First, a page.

John Coltrane - A Love Supreme
(1 x 180G LP)
Label: Impulse (Acoustic Sounds Series)
Product No.: AIMP 7701
Mastered by Ryan K. Smith at Sterling Sound!
180-gram LP pressed at Quality Record Pressings!
Stoughton Printing gatefold old-style tip-on jackets
Series supervised by Chad Kassem CEO of Acoustic Sounds
"I picked up the new Acoustic Sounds (Series) reissue of A Love Supreme, John Coltrane's classic album originally released in 1965 on Impulse! Records. I've owned it on CD (Impulse! Records GRD-155) for years, but I bought a vinyl copy (Impulse! Records GR-155) a few years ago. ... Ryan Smith at Sterling Sound mastered A Love Supreme from original analog tapes for the new pressing, and he gives the recording more space and realism than I hear in the other versions I own. Instruments are lifelike and more clearly presented. Even Garrison's double bass, which could have been more forward in the original recording, has more impact and body. Jones's cymbals have more shimmer, each drum sounds out forcefully, and it's easier to hear the unique tones of each drum. McCoy Tyner's piano chords are harmonically richer and more dynamic. The new LP has a much deeper and wider soundstage and gives me a better sense that the music was performed in a three-dimensional space. ... On the CD and my other vinyl pressings, the music seems to stop at the speakers, while on this reissue it has more room to spread out and show itself. During Elvin Jones's solo drum feature on the opening of "Part III — Pursuance," the drums sound larger and echo more clearly into the left channel than on the CD and the other LPs I own. Cymbals splash with more excitement, and when Coltrane enters with the rest of the quartet, his sax has more fire and edge. ... For a reasonable price, you can pick up this great-sounding version of A Love Supreme by Acoustic Sounds and be assured that you are closer to hearing what occurred in the studio during the recording of this seminal jazz album." — Music = 5/5; Sound = 4/5; Overall Enjoyment = 4.5/5 — Recording of the Month December 2020, Joseph Taylor.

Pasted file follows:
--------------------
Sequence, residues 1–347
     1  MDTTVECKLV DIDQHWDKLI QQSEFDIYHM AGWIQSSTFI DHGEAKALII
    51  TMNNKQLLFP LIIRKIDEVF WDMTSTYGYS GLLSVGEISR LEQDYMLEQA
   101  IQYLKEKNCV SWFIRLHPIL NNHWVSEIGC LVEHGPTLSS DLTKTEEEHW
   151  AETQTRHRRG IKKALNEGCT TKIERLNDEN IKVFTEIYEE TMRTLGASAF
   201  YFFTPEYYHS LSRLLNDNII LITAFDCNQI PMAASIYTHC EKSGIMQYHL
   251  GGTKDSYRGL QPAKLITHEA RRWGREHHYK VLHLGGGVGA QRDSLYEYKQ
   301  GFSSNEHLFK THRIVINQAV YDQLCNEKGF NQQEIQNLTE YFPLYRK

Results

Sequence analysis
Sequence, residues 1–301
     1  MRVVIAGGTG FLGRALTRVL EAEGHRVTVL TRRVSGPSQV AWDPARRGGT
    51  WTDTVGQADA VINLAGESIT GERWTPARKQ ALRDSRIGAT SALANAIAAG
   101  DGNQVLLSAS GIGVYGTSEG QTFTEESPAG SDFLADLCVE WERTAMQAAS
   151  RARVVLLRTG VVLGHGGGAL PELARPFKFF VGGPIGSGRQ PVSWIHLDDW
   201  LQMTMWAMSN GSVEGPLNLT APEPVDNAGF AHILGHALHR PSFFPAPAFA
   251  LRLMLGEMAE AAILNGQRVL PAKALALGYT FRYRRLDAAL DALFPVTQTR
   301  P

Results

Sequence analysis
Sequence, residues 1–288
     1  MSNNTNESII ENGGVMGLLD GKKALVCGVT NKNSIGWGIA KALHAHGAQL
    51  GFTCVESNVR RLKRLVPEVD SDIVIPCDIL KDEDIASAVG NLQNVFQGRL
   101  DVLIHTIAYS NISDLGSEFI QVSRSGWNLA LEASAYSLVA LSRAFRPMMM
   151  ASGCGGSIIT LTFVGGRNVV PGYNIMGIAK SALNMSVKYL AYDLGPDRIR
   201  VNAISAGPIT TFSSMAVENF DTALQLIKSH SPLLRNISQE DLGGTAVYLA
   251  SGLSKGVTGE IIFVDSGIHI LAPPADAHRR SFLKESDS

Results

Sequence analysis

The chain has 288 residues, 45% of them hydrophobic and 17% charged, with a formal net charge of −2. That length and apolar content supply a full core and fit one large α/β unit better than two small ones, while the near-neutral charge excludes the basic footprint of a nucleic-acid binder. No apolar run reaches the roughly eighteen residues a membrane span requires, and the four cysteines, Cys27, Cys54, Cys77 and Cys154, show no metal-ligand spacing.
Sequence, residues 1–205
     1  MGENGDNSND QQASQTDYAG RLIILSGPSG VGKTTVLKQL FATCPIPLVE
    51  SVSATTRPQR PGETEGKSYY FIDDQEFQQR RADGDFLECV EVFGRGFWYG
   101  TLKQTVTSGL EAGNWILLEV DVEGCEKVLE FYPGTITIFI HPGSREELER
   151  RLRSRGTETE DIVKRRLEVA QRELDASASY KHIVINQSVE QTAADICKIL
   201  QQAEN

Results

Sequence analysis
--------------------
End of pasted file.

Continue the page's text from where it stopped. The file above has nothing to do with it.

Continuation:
"Anyone who tells you the original pressing bests this new one simply has not heard either! ... The original is just not very good at all. Quite the opposite for Ryan Smith's cut. Tyner's piano in particular is spectacularly well-served sitting clearly and convincingly in three-dimensions between the speakers. You could say Coltrane's sax is slightly thinner than you might want but that would be system-dependent and as far as I'm concerned the cut is another out of the park home run set against black backgrounds." Music = 11/11; Sound = 10/11 - Michael Fremer,
The original master tape is available but it's not in the best shape. This LP was cut from a flat tape copy made by Rudy Van Gelder and used for cutting in the UK in April of 1965. Of course, the original recording was in December '64, so only a handful of months later. This tape was discovered at Abbey Road and had been untouched between 1965 and 2002. So while the original tape is available and while we would always opt for the original whenever we can, in this case this copy was the better choice as the tape has incurred less overall wear and sounds much better than the original.
Seeking to offer definitive audiophile grade versions of some of the most historic and best jazz records ever recorded, Verve Label Group and Universal Music Enterprises' new audiophile Acoustic Sounds vinyl reissue series utilizes the skills of top mastering engineers and the unsurpassed production craft of Quality Record Pressings. All titles are mastered from the original analog tapes, pressed on 180-gram vinyl and packaged by Stoughton Printing Co. in high-quality gatefold sleeves with tip-on jackets. The releases are supervised by Chad Kassem, CEO of Acoustic Sounds, the world's largest source for audiophile recordings.
A Love Supreme was his pinnacle studio outing that at once compiled all of his innovations from his past, spoke of his current deep spirituality, and also gave a glimpse into the next two and a half years (sadly, those would be his last). Recorded at the end of 1964, Trane's classic quartet of Elvin Jones, McCoy Tyner, and Jimmy Garrison stepped in and created one of the most thought-provoking albums of their relationship.
The album not only enabled Coltrane to express himself with great intensity but also lent him the necessary inner peace to conceive a work of almost 40 minutes in length and to lead his quartet along the same path as himself.
1. Part I - Acknowledgement
2. Part II - Resolution
3. Part III - Pursuance / Part IV - Psalm